Light Curves, Part 1

Let’s talk about the light curve for a Leonid. When it first enters the atmosphere, it starts to glow dimly, brightening as it plunges deeper. But it is so small that it “burns away” quickly, and it grows dimmer. Thus, the typical Leonid will brighten, then dim, with a light curve looking something like this:

Figure 1: a typical light curve

This graph is not hypothetical; it represents actual data. In this case, it represents the average values for every Leonid in my dataset that was 10 flares in length. In other words, my program selected out all the Leonids that were 10 flares long, then figured the average absolute luminance of all the first flares -- that’s the value for the first point in the graph above. Then it figured the average absolute luminance for all of the second flares -- that’s the second point in the graph. And so on for all ten flares in the ten-flare-long Leonids.

But why confine it to just the Leonids that were ten flares long? Why not look at Leonids of other lengths? I did that, and here are a few of the results:

Figure 2: light curve, five-flare-long Leonids

Figure 3: 15-flare-long Leonids

Figure 4: 20-flare-long Leonids

You might note some interesting changes in these graphs, so here is a composite of all the graphs for lengths from 5 flares to 24 flares:

Figure 5: Composite light curves of all lengths

There are some interesting trends in these light curves. The first is that the peak value shifts towards the right as Leonids get longer and longer. The position of this peak value relative to the entire length of the Leonid is called “f”. For example, you’ll note that the yellow curve representing Leonids that are six flares long (it’s in the front) shows a simple hump shape with the peak at the fourth flare, yielding an f-value of 0.6. By contrast, the very last curve, a pale yellow one representing Leonids of length 24 flares, has its peak at the 21st flare, yielding an f-value of 0.91. I used a more careful calculation to determine the f-value for Leonids of different lengths and this is the graph of the results:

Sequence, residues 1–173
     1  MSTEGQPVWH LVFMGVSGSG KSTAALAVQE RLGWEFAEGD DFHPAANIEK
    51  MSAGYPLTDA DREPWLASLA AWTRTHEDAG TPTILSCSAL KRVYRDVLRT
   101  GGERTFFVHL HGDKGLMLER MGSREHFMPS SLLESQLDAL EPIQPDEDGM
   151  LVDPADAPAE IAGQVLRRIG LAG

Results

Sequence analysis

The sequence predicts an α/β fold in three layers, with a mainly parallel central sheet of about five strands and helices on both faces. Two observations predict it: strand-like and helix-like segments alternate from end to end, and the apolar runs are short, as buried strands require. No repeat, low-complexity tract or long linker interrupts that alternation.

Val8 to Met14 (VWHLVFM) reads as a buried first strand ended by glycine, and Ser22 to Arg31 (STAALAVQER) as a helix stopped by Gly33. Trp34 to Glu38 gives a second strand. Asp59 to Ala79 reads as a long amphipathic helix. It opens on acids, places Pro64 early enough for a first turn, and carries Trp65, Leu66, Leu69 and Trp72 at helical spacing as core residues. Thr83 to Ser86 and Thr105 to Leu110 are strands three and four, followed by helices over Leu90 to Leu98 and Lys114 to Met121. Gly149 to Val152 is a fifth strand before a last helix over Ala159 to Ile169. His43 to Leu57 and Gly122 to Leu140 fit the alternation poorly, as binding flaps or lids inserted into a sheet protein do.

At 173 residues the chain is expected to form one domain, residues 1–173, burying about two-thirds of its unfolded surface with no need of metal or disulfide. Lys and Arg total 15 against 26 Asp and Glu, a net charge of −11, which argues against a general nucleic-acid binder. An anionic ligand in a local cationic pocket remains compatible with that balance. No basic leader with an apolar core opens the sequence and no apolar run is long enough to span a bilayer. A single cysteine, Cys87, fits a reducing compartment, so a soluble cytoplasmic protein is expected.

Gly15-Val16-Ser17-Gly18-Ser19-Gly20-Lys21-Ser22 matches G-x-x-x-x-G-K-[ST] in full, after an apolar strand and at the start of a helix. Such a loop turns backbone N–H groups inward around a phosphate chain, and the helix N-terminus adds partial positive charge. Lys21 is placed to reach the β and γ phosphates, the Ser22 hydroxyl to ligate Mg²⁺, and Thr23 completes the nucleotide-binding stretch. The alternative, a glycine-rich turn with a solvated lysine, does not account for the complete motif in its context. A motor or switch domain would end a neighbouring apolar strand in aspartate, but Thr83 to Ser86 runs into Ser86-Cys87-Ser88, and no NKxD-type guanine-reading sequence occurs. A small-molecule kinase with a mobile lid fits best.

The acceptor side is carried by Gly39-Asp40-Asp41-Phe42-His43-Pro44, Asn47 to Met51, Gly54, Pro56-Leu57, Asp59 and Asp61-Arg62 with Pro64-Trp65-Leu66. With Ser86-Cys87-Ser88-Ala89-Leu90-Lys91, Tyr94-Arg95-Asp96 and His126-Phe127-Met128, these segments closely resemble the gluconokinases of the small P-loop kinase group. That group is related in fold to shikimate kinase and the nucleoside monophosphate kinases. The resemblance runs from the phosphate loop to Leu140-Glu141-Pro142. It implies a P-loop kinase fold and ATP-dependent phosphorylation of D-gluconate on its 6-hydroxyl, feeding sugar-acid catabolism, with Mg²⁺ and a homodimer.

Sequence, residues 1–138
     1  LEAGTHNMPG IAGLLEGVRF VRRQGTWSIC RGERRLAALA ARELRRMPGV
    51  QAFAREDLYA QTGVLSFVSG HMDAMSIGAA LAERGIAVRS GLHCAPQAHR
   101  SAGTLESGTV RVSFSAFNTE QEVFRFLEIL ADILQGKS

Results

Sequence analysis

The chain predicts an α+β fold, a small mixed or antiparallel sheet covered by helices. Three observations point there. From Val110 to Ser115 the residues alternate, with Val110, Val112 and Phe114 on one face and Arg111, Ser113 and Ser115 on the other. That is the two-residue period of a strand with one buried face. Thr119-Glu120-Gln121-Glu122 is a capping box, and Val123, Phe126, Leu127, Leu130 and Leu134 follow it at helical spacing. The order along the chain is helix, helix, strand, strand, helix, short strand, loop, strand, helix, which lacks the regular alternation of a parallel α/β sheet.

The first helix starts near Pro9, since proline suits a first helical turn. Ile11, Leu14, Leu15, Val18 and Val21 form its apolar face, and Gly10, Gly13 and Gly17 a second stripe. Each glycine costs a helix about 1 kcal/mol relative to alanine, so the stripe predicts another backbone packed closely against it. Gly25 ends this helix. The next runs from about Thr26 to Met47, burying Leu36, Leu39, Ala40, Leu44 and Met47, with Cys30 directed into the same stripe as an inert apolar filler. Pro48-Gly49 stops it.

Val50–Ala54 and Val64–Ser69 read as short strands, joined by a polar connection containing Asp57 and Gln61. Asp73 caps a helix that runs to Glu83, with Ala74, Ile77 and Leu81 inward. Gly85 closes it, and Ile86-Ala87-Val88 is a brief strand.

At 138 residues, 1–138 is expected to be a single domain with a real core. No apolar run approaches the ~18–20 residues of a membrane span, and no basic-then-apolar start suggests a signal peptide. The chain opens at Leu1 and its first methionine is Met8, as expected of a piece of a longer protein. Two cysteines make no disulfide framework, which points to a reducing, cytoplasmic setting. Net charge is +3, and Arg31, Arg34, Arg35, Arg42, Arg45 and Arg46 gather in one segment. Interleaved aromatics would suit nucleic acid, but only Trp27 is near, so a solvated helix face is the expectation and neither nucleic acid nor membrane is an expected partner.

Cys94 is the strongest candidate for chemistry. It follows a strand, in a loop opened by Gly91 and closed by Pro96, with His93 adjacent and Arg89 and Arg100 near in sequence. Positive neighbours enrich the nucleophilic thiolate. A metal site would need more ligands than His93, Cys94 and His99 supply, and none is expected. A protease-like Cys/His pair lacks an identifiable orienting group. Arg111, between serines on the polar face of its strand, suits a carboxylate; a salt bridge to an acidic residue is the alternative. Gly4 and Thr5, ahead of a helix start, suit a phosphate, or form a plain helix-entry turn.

Figure 6: f-value versus Leonid length

That’s a rather nice-looking curve, isn’t it? It says that longer Leonids have higher f-values. Here’s another interesting curve: the peak absolute luminance versus Leonid length:

Figure 7: Peak absolute luminance versus Leonid length

This shows that longer Leonids have a higher peak luminance. This makes perfect sense: a Leonid that lasts longer should be bigger, and therefore will have a higher peak absolute luminance. However, there’s more information buried in this graph. The most significant item is the turn-down at the high end. If bigger Leonids last longer and are brighter, then we’d expect the end of the graph to simply continue upward. Because these last data points are derived from fewer Leonids than the others, we’d expect more scatter in the results, but we would not expect to see the peak and downturn that are evident. The data suggests that there are two mechanisms controlling the maximum brightness of Leonids. The primary one results in the upward curve that comprises the bulk of this graph. But there’s a second factor at work that produces the turndown at the right end of the graph. I’ll address that second factor in the next analysis.